Sunday, May 23, 2010

In Defense of Derek Walcott

My friend Erin, despite liking Omeros, really hates Derek Walcott. Why? Because he apparently claims that he is writing poetry for the Caribbean people. But, as Erin has argued to me at least ten times in the past eight months, writing for the Caribbean people is pointless because the literacy rates in the Caribbean are so low.
So, a few weeks ago, I was flipping through the 2009 Pushcart Prize, which I originally bought for a class I’ve since finished. I happened upon Walcott’s “White Egrets,” which is apparently from Epiphany.
As with so many things in my life, it was love at first read. At one point, he described something as curved as an ampersand, which is one of the coolest descriptions I’ve ever read.
Reading Walcott made me wonder how right Erin was or wasn’t about him.
I know that I am a researcher at heart, and when I come upon a problem, I go looking for answers.
I discovered that literacy rates in the Caribbean, in the mid-80s, were generally 90%. As the eighties went on, literacy slipped in almost all countries. Omeros was published in 1990, which means that at the time he was writing, he was probably thinking about keeping the literacy rates afloat.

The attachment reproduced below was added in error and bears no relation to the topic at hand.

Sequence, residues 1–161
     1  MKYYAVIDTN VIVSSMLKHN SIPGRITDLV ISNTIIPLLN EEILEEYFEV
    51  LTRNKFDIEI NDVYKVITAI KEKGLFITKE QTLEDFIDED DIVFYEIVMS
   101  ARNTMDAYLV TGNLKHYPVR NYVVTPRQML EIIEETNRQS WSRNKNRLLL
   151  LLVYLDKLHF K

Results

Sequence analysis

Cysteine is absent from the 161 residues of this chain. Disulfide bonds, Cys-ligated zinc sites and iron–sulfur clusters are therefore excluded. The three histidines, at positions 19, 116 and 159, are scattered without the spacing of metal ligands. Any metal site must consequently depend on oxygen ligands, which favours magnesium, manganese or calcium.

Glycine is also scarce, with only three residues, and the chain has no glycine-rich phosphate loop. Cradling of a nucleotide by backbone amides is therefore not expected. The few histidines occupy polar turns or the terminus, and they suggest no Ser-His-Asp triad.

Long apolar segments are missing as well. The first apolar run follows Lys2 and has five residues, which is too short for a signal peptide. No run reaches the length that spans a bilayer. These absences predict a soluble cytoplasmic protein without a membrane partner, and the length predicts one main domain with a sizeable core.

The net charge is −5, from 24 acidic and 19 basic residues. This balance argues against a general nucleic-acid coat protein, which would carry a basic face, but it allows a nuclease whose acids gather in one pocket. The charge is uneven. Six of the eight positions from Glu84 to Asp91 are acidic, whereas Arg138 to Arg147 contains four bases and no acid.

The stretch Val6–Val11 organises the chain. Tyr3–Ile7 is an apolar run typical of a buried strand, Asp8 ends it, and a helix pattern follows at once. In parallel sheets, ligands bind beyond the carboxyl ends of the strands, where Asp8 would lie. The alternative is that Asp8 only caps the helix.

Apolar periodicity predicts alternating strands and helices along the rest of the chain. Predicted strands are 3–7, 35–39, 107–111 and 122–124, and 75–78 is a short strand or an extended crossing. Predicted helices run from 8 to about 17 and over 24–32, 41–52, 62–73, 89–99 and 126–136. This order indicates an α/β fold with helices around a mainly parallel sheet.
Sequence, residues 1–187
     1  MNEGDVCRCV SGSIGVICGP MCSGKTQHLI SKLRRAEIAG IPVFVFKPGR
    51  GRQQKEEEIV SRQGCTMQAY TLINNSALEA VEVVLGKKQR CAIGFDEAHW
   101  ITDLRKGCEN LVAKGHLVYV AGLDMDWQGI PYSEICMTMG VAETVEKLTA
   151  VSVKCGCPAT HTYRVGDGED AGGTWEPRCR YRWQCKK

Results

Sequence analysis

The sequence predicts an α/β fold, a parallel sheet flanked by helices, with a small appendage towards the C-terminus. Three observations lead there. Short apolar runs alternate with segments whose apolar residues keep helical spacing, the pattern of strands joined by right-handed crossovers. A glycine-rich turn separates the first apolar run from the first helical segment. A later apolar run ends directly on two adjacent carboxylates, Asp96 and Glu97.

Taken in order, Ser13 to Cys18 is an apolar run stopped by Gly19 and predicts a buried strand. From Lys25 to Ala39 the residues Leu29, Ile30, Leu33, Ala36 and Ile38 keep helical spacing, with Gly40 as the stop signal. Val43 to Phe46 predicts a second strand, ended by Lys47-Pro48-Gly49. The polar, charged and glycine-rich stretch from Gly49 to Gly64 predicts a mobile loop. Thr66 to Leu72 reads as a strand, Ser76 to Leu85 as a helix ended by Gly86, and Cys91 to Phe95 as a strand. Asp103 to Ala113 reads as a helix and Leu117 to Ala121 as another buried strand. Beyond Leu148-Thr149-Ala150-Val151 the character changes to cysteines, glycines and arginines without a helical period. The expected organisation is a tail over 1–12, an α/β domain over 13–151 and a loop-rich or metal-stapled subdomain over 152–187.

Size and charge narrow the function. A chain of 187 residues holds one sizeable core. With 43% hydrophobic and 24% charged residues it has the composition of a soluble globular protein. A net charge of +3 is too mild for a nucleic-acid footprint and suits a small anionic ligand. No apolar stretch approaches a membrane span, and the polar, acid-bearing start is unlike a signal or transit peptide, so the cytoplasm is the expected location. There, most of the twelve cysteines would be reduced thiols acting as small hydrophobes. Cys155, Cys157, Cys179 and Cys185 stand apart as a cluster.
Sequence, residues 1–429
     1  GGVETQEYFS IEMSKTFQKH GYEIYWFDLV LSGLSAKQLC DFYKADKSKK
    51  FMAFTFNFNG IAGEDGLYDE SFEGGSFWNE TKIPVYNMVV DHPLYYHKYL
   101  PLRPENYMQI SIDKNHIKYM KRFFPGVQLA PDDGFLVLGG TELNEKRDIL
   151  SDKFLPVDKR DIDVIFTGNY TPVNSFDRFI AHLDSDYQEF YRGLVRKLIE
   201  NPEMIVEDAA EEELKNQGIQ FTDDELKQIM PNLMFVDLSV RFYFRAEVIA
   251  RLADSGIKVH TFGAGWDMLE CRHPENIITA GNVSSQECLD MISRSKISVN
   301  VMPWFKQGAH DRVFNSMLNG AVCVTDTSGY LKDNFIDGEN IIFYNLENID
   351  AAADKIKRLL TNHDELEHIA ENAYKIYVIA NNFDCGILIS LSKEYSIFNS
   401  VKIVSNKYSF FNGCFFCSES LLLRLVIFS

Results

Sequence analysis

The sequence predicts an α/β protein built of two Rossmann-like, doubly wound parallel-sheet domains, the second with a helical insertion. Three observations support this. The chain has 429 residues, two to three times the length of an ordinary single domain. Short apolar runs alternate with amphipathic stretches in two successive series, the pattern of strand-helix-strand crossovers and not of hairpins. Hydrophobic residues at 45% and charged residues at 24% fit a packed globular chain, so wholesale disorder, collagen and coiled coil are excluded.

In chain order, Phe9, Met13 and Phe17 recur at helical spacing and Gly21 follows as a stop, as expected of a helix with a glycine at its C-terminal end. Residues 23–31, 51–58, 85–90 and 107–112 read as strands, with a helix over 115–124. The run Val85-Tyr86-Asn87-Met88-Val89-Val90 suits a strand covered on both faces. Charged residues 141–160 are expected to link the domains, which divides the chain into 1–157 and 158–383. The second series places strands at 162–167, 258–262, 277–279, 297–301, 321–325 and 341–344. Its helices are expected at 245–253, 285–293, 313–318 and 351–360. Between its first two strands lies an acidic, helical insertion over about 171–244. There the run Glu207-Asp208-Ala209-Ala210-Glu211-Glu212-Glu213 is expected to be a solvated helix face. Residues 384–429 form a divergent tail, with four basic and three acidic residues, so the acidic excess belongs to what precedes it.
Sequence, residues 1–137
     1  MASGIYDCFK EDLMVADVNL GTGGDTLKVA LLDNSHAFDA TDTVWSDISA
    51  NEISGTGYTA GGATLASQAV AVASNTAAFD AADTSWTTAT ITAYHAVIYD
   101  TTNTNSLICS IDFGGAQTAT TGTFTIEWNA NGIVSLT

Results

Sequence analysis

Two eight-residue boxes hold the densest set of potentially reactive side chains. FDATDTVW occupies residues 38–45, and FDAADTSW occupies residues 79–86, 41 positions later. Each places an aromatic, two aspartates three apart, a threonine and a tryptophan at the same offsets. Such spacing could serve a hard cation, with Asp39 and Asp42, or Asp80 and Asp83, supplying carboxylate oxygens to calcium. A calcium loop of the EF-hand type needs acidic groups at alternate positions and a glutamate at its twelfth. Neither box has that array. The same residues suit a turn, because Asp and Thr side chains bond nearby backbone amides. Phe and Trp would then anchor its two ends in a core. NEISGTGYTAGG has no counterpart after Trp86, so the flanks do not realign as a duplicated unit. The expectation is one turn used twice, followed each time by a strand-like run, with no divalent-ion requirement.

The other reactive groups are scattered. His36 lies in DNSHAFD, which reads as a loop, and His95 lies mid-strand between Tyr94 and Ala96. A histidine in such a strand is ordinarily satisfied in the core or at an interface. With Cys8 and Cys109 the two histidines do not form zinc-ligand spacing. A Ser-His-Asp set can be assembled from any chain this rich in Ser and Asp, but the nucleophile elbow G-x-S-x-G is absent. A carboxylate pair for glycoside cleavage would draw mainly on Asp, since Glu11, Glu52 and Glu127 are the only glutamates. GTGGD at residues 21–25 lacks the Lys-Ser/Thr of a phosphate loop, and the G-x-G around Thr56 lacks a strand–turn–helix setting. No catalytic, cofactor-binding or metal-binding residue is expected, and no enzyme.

What frustrates me about Erin’s claim that no one in the Caribbean can read is that it assumes that all non-Western countries are automatically incapable of providing education to their citizens. It also assumes that there is no difference in literacy rates over time; that for these countries, it’s always been low. That’s not the case.
What I suspect Walcott was trying to do was to begin creating a literature for the Caribbean. How many Caribbean writers can the average American citizen name? (Most are ignorant of Hemingway’s love of the region.) As Franz Fanon explains in The Wretched of the Earth, non-Western countries are culturally dominated by the West. What those non-Western countries need and deserve is a literature that they can claim as their own: written by, for, and about them. Walcott, a native of Saint Lucia, in writing stories for and about the Caribbean, contributing to a small group of Caribbean writing, including Jean Rhys, Claude McKay, Julia Alvarez and even Aime Cesaire, who inspired Fanon, pictured below.
Obviously, Walcott can’t do it alone, and I can’t imagine that he doesn’t know that. But we should not discount his writing, or his mission, just because of the unfortunate news that literacy rates are down in the Caribbean.

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